Remember the 1987 stock market crash? One week before the crash, a rift developed between the German finance minister and the US Treasury secretary over international policy coordination—to support the dollar and prevent US interest rates from rising.
While it isn’t clear whether this rift caused the crash, it certainly contributed to it, confirming the increasing importance of international policy in addressing global economic crises. But have policy makers leaned this lesson?
Judging from the outcome of the recent meeting between US Treasury Secretary Timothy Geithner and his EU counterparts over the handling of the sovereign debt crisis, the answer is no. The situation seems to be so severe that the two sides want to go in separate ways again. And that’s what raises the prospect of a 1987-style crash.
But what raises the prospect of a stock market Crash is monetary policy max-out in the developed world that has driven both short-term and long-term interest rates near zero, fueling all sorts of highly leveraged carry-trades that cast a big threat on Wall Street should a reversal in a major variable goes the wrong way (e.g. a big dollar appreciation against the euro). What should investors do?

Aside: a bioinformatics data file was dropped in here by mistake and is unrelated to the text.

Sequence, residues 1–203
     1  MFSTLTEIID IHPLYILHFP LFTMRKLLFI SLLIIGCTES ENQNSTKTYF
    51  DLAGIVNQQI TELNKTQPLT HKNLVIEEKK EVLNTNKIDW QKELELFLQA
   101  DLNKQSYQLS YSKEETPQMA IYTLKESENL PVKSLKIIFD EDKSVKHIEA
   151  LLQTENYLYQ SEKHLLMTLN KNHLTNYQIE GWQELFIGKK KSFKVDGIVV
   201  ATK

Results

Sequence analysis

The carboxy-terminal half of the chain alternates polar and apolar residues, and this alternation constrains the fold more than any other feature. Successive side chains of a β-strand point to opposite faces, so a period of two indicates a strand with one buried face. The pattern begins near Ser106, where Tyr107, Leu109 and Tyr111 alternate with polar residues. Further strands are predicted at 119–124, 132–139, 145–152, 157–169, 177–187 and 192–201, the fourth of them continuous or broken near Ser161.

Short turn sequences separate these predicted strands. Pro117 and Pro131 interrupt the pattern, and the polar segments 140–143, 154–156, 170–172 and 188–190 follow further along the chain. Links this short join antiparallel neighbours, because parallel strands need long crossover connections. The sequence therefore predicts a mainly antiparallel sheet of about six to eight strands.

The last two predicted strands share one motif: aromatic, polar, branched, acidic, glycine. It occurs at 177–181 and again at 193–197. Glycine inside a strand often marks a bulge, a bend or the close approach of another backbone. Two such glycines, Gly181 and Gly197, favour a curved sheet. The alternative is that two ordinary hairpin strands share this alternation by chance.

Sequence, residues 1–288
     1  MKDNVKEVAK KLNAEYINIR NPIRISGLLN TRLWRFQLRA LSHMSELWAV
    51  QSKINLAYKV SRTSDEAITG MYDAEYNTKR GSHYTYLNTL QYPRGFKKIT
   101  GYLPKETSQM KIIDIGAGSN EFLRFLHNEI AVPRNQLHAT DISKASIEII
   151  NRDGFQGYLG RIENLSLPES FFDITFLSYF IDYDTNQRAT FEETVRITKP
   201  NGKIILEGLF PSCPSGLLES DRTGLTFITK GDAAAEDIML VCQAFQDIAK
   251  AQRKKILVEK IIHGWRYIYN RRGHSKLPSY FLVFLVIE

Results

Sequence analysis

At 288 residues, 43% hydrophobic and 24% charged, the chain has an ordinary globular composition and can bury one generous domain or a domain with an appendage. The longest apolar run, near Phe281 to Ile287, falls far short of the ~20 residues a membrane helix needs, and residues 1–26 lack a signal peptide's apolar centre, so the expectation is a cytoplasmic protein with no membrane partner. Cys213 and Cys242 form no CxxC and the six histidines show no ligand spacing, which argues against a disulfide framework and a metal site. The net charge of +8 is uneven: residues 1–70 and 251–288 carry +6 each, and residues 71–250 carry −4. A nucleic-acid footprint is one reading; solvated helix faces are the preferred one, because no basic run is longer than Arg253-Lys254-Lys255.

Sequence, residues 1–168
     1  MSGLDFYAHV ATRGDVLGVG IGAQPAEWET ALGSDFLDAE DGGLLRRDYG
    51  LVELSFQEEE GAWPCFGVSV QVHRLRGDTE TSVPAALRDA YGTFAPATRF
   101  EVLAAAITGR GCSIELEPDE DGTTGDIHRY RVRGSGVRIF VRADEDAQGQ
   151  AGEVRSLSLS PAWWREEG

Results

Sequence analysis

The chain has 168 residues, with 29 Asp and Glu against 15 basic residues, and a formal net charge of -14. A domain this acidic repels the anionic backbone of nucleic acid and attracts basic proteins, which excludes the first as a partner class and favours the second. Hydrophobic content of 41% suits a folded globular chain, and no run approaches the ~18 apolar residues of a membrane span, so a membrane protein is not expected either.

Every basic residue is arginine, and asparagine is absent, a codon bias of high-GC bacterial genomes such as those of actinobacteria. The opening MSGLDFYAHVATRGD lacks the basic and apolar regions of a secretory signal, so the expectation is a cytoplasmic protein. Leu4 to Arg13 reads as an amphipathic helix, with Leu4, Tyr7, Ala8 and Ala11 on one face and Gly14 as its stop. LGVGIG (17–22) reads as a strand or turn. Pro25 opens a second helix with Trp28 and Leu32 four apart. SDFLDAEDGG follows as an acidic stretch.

1. Buy protection. Short or buy puts on SPDR S&P 500 (SPY). The problem, however, is that the S&P 500 had a correction already. So investors may want to average into this trade rather than going outright into a major position, and they may want to do the same with iPath S&P 500 VIX Short-Term Futures ETN (VXX).
2. Short currencies that have been benefiting from carry trade, the euro, the Australian dollar, and the Brazilian real: Market Vectors Double Short Euro ETN (NYSEARCA:DRR), short CurrencyShares Euro Trust (NYSEARCA:FXE), short Rydex CurrencyShares Australian (NYSEARCA:FXA), and iShares MSCI Brazil Index (EWZ).
3. Avoid or even short US cyclical stocks and precious metals that had a big run up on a weaker dollar. Caterpillar (NYSE:CAT) and Walter Energy (WLT), which missed on second-quarter revenues by a great margin, is up 600 percent since 2009. Cliffs Natural Resources (CLF) is up 400 percent. iShares silver trust (SLV) is up 350 percent since early 2009; SPDR Gold Shares (GLD) is up 100 percent; and Freeport-McMoRan Copper and Gold (FCX) soared 400 percent. But the commodity rally may be over.
Disclosure: I am long DRR.
Additional disclosure: I may establish short positions on FXE and FXA.